It’s had it’s time in the sun, and with the merger on the horizon for Yahoo with Microsoft/Bing, ComScore has let some numbers show from the past year. And while the numbers are mildly surprising, they’re not shocking at all. Introducing the up and comer, the new kid on the block; Facebook.
Facebook is well on its way to taking Yahoo’s spot as the third largest Web property in the world. Last summer Facebook took the No. 4 spot globally, displacing AOL. In December, 2009, Facebook attracted 469 million unique visitors, up an incredible 31 million visitors from the month before.
For perspective, in a single month Facebook gained as many new visitors as Yahoo did all year.
For the year (2009), Facebook grew by nearly 250 million uniques. A repeat will be difficult in 2010, but even at half that pace, and Yahoo remaining stagnant, Facebook could overpass Yahoo within a year to become the third largest site in the world. Passing Microsoft (No. 2) or Google (No. 1) in unique visitors will take a little longer.
By other measures, Facebook is already larger than both Yahoo and Microsoft. Its pageviews grew 141 percent last year, nearly double Yahoo’s (down 2 percent) and Microsoft’s (up 54 percent). Google is still the largest pageview generator on the web. With Facebook growing monthly by such leaps and bounds, it is only a matter of time before it catches Googles numbers in pageviews though.
Being the start of the year, it’s always a good idea to remember what you’ve done, what you’ve accomplished, and the lessons you’ve learned. It’s also a good idea to remember and brush up on the basics, because if your foundation has no strength, what ever you build upon it will fall.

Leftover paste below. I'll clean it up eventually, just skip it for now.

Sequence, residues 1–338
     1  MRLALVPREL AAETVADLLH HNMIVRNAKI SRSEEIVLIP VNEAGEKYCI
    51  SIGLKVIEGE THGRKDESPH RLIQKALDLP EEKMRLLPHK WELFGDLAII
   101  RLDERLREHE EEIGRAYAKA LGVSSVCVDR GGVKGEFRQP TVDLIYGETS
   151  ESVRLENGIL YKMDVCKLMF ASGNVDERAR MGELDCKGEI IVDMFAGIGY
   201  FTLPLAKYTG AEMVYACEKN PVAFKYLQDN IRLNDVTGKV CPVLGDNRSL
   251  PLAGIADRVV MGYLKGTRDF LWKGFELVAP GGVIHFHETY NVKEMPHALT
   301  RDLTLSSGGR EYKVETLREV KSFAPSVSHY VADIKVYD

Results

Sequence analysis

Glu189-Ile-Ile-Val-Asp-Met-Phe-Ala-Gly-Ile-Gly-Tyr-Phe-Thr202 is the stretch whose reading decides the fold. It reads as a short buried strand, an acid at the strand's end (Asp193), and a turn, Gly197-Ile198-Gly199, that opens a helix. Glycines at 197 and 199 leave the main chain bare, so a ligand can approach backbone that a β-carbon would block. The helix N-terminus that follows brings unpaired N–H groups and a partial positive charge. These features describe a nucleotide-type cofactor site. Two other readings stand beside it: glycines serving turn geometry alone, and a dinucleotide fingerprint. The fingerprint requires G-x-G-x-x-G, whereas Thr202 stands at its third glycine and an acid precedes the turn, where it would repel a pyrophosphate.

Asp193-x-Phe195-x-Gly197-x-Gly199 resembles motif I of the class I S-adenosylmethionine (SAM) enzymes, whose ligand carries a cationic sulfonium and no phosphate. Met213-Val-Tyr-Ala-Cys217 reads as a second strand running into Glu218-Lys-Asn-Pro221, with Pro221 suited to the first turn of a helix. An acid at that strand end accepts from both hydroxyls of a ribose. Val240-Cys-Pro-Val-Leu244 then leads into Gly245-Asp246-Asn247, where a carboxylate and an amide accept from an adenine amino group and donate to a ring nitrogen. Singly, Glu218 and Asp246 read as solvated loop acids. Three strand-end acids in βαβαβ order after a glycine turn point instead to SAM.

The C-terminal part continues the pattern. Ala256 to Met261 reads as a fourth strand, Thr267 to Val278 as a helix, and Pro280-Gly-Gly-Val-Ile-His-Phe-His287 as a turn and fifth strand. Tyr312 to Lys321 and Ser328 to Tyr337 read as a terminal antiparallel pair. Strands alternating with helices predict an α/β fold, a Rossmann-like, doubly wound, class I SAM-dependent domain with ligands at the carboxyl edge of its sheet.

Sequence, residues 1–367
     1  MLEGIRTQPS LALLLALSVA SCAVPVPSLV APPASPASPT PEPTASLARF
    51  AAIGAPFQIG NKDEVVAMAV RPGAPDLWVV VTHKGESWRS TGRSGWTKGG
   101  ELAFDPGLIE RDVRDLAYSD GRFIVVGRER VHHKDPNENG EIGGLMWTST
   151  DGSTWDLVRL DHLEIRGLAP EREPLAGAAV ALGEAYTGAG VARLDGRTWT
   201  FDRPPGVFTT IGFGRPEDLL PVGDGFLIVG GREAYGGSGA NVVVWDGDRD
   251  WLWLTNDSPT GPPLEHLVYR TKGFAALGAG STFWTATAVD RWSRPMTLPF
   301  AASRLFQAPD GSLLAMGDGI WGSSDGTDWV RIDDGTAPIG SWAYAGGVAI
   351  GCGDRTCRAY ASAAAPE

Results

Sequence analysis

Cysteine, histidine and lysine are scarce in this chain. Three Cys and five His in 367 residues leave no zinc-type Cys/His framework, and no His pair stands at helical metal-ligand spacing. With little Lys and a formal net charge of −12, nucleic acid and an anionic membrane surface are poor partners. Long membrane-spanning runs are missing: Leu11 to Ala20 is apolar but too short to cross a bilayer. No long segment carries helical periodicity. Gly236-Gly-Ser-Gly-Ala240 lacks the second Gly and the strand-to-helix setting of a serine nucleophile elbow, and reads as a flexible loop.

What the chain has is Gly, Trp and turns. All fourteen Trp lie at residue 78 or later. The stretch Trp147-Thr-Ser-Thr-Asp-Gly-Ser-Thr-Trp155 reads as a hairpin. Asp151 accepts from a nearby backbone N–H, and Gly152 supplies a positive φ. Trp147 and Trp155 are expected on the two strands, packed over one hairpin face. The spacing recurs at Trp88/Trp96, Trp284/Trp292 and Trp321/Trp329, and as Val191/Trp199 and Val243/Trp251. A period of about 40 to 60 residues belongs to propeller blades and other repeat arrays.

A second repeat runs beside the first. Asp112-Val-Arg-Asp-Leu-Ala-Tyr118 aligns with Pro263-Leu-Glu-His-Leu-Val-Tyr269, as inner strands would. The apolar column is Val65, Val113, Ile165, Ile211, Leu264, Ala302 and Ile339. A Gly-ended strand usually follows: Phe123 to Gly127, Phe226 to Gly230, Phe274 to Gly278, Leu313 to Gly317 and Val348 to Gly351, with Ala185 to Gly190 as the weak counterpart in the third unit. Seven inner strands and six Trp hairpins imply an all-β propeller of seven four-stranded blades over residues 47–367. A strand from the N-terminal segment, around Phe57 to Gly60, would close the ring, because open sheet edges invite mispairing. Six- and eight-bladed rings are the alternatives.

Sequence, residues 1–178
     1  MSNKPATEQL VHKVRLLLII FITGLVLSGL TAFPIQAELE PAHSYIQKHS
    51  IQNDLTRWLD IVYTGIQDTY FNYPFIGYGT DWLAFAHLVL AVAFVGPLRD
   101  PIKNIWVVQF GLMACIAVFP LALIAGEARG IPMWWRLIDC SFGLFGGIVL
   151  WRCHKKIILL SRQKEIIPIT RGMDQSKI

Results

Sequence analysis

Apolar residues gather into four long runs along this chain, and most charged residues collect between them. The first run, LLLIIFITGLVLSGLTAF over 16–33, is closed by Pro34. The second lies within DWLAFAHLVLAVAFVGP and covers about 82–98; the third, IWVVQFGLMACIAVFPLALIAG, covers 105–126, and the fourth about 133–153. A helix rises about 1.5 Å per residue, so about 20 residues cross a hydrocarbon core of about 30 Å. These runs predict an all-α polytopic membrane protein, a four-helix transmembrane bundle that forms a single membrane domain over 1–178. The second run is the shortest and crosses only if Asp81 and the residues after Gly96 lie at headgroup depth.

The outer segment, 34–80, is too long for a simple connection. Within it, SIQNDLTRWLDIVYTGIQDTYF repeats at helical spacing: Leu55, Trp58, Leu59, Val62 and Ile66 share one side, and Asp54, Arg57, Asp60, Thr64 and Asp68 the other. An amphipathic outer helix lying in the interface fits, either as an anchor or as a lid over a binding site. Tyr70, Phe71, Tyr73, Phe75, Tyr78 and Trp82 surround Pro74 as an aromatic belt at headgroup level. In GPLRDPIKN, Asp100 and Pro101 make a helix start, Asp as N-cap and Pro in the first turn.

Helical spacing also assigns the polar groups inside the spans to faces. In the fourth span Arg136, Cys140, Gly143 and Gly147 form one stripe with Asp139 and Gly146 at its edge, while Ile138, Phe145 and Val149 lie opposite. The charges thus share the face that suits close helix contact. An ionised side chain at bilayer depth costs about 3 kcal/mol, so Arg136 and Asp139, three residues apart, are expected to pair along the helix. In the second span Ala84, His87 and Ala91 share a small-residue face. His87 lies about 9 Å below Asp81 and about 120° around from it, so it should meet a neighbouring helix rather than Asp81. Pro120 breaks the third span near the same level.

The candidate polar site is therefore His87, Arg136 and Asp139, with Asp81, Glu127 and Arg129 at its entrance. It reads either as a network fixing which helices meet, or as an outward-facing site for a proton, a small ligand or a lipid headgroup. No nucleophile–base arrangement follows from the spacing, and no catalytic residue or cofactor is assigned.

Search engine optimization, an industry born from neccesity, is as much an art, as it is a mathematical science. But just because you get the perfect ratio of keyword to text and what not, it doesn’t mean you’ll rank well in the SERPs. Google, the king of the multi-billion dollar mountain of search, basically birthed SEO and has brought it’s evolution to it’s current state. So who better to review the basics with?
We’ll go over the basics very briefly initially, and pay closer attention to some of the key points as they merit.
1) Create unique, accurate page titles
“A title tag tells both users and search engines what the topic of a particular page is.”
2) Make use of the “description” meta tag
“A page’s description meta tag gives Google and other search engines a summary of what the page is about.”
3) Improve the structure of your URLs – Basically make your URLs easy to read.
“This can not only help you keep your site better organized, but it could also lead to better crawling of your documents by search engines. Also, it can create easier, “friendlier” URLs for those that want to link to your content.”
Try your best when designing your site, to avoid URL structure like www.testsite.com/72a00065a.htm It’s non-descriptive, makes no sense to a visitor who may choose to link to your content, and can make it difficult to keep your site and pages organized.
4) Make your site easier to navigate
“The navigation of a website is important in helping visitors quickly find the content they want. It can also help search engines understand what content the webmaster thinks is important.”
5) Offer quality content and services – this is really in their guide, it surprised me honestly.
“Creating compelling and useful content will likely influence your website more than any of the other factors discussed here.”
6) Write better anchor text – Avoid using anchor text like click here and the like